Someone brought you to Jesus like these people brought the deaf-mute man to Jesus. Maybe it was Mom and Dad. Maybe it was another relative or a friend. Someone brought you to have your ears opened and your tongue freed. What is more, they brought you to be made dead to sin and to be made alive again in life in Jesus Christ. That’s what His Word does; a Word that doesn’t just show up and do something you can’t explain. His is a Word that creates, liberates, and sustains you in that liberation into everlasting life. It’s good to be spiritually deaf, mute, and blind. That way Jesus works on you and gives you life. He has done all things well, all things for your eternal welfare.


Who Is A Christian?

Who is a Christian? Rationalists describe a Christian like this: A Christian is a man who strives to be virtuous, to live according to his reason, or to live honestly according to the rules of “the great virtuous teacher”. A papist, upon questioning, would define a Christian as follows: A Christian is a man who submits himself to the Pope’s rule and who conforms himself to ecclesiastical arrangement. And there might well be among Lutherans here and there those who describe a Christian this way: A Christian is a man who goes to Church, and from time to time to the sacrament, pays his contributions, and is concerned with an honest manner of life before the world. — These are, however, descriptions which are partly quite false, partly do not give a clearly visible essence of a Christian. We say on the basis of Scripture: A Christian is a man who is convinced through the working of the Holy Spirit of two things: 1. of the fact that he is a sinner worthy of condemnation before God, and 2. of the fact that God forgives all his sins for Christ’s sake; i.e., a Christian is a man who knows to distinguish Law and Gospel. He lets the Law come into play; he lets his sin be revealed by the Law. He does not say: There is no serious intent with the demands and threats of the Law. No, he leaves the demands of the Law as they are. He admits not only with words, but also in his heart: I am a sinner worthy of condemnation. Through the law comes to him knowledge of his sin and worthiness of condemnation. But he lets the Law remain in this area. The question of how he is saved can only be answered by the Gospel. He believes that God absolves him in the Gospel of the sins He has revealed to him by the Law. He recognizes the Law as the Word of God; but he also knows that God has yet another word, the Gospel, and that all poor sinners should hear this other Word and from it gain the confidence that their sins are forgiven them. Thus a Christian is a man who lets both Law and Gospel take effect in themselves, but also knows how to separate both of them. Where this does not happen, then there is also no Christianity.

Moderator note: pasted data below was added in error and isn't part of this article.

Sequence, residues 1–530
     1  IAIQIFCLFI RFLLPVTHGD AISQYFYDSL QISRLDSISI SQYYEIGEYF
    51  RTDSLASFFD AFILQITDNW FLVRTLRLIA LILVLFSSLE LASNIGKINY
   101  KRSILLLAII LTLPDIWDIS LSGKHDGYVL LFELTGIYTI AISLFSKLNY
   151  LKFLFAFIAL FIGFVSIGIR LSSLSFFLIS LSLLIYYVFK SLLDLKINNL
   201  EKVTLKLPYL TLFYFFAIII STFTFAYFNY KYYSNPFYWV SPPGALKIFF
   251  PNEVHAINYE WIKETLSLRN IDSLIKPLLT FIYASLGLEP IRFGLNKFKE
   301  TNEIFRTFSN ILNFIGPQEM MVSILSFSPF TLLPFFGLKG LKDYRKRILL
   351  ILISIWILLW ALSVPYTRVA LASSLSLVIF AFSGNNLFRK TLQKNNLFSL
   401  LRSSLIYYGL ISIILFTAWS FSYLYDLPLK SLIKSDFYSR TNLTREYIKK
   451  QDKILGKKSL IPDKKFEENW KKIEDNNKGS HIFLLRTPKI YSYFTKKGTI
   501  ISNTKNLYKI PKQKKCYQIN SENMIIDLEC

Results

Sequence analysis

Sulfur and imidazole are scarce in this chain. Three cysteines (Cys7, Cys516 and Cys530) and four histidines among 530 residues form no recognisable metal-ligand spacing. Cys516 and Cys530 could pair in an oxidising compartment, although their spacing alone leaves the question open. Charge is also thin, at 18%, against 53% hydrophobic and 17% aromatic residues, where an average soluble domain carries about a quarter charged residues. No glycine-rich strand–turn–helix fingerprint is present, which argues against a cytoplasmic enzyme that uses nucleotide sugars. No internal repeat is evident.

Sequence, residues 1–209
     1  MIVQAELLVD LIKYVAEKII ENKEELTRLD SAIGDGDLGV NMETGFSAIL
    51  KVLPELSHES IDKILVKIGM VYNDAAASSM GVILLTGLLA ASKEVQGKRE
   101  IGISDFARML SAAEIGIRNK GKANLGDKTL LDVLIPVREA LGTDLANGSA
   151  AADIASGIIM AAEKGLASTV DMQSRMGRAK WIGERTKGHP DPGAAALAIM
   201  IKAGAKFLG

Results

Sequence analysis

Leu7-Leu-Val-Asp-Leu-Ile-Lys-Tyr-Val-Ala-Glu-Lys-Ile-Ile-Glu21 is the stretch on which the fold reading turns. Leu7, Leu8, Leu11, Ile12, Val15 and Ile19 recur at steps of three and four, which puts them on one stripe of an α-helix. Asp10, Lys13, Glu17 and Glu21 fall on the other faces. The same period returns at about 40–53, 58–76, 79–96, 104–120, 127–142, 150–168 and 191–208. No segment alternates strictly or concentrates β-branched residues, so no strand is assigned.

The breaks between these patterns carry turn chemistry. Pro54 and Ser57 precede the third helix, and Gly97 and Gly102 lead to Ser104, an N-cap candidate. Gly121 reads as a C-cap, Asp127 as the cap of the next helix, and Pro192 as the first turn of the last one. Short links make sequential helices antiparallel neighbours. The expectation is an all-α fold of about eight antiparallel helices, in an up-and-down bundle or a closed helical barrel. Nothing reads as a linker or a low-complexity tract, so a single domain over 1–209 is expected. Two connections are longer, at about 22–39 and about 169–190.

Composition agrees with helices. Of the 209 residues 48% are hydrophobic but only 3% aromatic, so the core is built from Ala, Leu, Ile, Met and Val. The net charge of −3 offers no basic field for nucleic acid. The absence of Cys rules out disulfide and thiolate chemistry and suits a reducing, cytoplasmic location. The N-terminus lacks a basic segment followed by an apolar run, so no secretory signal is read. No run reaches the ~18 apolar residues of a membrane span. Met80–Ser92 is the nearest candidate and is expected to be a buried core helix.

Franz Pieper, “The Practical Importance of the Proper Distinction of Law and Gospel”, 1895 Kansas District Convention Address

The Gospel > Any Earthly Thing

For when I compare my life with the Law I see and experience always the contrary of what the Law enjoins. I shall entrust to God my body and soul, and love him with my whole heart; yet, I would rather have a dollar in my chest than ten gods in my heart, and I am happier when I know how to make ten dollars, than when I hear the whole Gospel. Let a prince give a person a castle or several thousand dollars, what a jumping and rejoicing it creates! On the other hand, let a person be baptized or receive the communion which is a heavenly, eternal treasure, there is not one-tenth as much rejoicing. Thus we are by nature; there is none who so heartily rejoices over God’s gifts and grace as over money and earthly possessions; what does that mean but that we do not love God as we ought? For if we trusted and loved him, we would rejoice more that he gave us the sense of sight than if we possessed the wold world. And the word of consolation he speaks to me through the Gospel ought to give me higher joy than the favor, money, wealth, and honor of the whole world. But that it is not so and ten thousand dollars can make people happier than all the grace and possessions of God, proves what kind of fruit we are, and what a distressing and horrible fall it is in which we lie. And yet we would not see nor realize it, if it were not revealed to us through the Law, and we would have to remain forever in it and be lost, if we were not again helped out of it through Christ. Therefore the Law and the Gospel are given to the end that we may learn to know both how guilty we are and to what we should again return.

Martin Luther, Second Church Postil for the Eighteenth Sunday after Trinity (Matthew 22:34-46)

Eleventh Sunday after Trinity – Luke 18:9-14

There is a baptism at the Saturday night Divine Service.

The Pharisee and the tax collector present us with a fascinating look at how our Lord considers people and how we consider ourselves.

Everything the Pharisee says is right. After all, he is the model for imitation among the Jews. He is the interpreter of God’s Word. He’s the man who puts the Law and Prophets into perspective. Following what he says and what he does should mean you’re on the right track when it comes to everlasting salvation.